“College as a worthwhile investment is nearly undisputed,” Sallie Mae’s How America Pays for College 2014 report says. “However, this does not imply that all families approach paying for college similarly. Different types of college families show unique values, motivations and behaviors in relation to planning and paying for college.”
Some data support this finding. The number of people attending college between 2001 and 2011 increased 38%, with much of that growth occurring in full-time enrollment. This compares against an increase of just 11% in the period before that. But rising costs, a dense financial environment, and a tough economy have made it increasingly difficult for families to save for college.
1. The cost of college is skyrocketing
The cost of college in America has increased dramatically over the past 30 years. In constant 2011-2012 dollars, the average cost of education at a four-year institution in 1981 was $9,554. By 2012, the average cost had exploded to $23,066. At a two-year institution, costs have increased from $5,986 in 1981 to $9,308 in 2012.
2. Many families have reached a cap of what they’re able to spend, despite rising costs
The average spending on college in the 2013-14 academic year was $20,882, about the same as spending levels in the previous three years after a spending peak in 2010 of $24,097. “Despite rising college costs, families made choices that held down their spending on college,” the report says. Though some types of colleges have dropped in price following the 2010 spike, families reported higher out-of-pocket spending in 2014 than in the previous three years. Out-of-pocket spending for parents and students combined accounted for $8,850, about 42% of the cost per year. That’s compared to covering 38% of the burden in 2013, 40% in 2012 and 41% in 2011.
3. Instead of paying more, families opt to choose different education options
“School choice may be a key driver in containing total average spending,” according to the report. In 2014, families reported the highest numbers of enrollment in two-year public colleges since Sallie Mae began producing the reports in 2008. About 34% reported attending such a school, up 30% from the year before. Concurrently, attendance at four-year public colleges declined from 46% to 41%. And the cost savings are there: the average amount spent in 2014 for two-year public colleges was $11,012, compared to $21,072 at public four-year schools.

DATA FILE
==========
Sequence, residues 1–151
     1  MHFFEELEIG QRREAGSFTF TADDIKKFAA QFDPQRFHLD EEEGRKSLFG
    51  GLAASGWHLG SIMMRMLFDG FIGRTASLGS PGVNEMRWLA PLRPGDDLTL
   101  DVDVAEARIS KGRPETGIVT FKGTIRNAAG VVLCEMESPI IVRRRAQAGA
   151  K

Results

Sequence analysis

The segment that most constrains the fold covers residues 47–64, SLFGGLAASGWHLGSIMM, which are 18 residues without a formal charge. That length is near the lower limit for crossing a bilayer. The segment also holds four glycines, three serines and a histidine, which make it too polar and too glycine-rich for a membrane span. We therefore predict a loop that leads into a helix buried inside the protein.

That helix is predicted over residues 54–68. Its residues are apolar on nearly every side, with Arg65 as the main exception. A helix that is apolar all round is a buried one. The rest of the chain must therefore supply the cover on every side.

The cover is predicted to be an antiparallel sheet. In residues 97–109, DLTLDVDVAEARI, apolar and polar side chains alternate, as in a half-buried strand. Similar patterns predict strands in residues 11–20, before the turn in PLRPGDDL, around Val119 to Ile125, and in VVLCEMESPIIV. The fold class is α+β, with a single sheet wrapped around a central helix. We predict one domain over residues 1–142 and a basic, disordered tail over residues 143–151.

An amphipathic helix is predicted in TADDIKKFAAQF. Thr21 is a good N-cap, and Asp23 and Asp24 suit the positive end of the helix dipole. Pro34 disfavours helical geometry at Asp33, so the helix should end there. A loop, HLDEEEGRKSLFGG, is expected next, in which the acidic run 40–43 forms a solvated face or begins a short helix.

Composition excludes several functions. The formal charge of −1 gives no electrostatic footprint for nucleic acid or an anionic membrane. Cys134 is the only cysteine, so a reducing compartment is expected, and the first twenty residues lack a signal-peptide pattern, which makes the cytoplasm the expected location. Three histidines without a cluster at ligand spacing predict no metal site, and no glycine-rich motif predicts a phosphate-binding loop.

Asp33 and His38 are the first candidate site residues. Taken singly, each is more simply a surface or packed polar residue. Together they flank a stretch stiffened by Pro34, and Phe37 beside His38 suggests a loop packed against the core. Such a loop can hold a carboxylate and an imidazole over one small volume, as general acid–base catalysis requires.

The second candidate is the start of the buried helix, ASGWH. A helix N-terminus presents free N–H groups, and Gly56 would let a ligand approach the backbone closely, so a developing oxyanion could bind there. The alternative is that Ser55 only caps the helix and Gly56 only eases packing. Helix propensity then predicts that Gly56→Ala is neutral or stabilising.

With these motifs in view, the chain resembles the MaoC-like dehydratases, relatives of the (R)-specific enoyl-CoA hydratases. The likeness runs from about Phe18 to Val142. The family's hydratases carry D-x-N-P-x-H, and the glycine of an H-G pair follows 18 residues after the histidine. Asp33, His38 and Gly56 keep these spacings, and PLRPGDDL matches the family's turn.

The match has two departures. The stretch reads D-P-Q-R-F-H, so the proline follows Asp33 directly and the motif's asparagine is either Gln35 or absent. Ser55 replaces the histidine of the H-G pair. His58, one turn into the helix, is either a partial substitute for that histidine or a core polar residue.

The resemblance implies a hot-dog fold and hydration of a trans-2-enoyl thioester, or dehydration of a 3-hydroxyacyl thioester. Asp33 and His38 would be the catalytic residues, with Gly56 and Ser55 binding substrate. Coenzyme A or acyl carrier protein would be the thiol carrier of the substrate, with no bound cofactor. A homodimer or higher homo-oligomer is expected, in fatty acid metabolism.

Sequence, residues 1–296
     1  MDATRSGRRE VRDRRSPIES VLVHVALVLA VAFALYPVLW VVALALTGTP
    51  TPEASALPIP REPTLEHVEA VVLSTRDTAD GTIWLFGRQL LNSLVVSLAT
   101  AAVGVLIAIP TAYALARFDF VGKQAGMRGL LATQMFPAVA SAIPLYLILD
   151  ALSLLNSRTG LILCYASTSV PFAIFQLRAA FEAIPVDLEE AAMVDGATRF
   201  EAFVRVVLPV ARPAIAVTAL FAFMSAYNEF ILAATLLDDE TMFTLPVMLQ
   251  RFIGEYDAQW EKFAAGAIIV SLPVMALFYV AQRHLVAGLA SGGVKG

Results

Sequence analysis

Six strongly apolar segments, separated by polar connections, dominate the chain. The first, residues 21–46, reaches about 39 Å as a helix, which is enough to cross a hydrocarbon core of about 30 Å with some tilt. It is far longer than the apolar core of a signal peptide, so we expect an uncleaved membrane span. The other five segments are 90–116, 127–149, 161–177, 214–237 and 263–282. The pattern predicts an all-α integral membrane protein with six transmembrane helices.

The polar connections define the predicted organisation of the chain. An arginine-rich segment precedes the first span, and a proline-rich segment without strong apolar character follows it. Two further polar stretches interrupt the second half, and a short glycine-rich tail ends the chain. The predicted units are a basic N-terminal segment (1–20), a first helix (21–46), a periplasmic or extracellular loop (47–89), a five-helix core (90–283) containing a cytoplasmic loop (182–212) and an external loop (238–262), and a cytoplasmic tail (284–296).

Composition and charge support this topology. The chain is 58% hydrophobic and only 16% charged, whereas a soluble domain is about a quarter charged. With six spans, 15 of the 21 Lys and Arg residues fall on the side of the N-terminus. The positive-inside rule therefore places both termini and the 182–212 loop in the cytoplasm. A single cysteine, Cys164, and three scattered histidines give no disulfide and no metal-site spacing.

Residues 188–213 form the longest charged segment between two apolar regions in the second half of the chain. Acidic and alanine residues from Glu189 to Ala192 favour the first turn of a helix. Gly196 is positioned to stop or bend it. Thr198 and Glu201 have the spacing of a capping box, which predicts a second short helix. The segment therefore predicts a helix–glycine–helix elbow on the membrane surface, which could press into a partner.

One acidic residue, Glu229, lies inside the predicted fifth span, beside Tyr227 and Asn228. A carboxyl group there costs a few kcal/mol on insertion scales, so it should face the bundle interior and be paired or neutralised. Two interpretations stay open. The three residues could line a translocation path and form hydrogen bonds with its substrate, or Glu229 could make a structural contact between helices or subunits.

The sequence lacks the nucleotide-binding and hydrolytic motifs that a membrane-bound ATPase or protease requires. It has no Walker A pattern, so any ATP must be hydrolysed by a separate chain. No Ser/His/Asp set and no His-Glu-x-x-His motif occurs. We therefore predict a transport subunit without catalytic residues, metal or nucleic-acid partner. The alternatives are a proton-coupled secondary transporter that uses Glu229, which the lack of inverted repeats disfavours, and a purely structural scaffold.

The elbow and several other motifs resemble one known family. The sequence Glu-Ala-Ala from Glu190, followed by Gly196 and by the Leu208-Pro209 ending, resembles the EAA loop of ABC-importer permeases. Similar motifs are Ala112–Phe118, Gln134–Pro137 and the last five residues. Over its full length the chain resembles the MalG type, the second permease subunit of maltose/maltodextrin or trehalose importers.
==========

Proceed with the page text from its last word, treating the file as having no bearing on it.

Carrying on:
4. Many families struggle to set savings goals
Fewer than half of families saving for college have set a goal for how much they’d like to stash away. According to Sallie Mae’s sister report, How America Saves for College, 45% of families reported they had a specific number in mind. Savings goals are more likely to be set on how much families think they can afford (28%) instead of how much they think will be necessary to pay for the education (24%). Parents currently pay for an average of 10% of their child’s college costs from their savings accounts, and confidence rises to save that amount among those who plan for it, as well as those with higher income levels.
5. Many families are not saving at all
About half of families are not saving anything for college, according to the savings report. Many families who aren’t putting money away say they simply don’t have the money to do so (about 58%). Those families often have savings of about $49,013, about one-third the amount of that saved by families who save for college. Those families often prioritize savings for retirement (50% of the total savings) and buying a home or car (a combined 23%). And though it’s rather self-evident, more non-saving families feel overwhelmed by the prospect of saving for college than families who have begun saving for college (33% and 20%, respectively).
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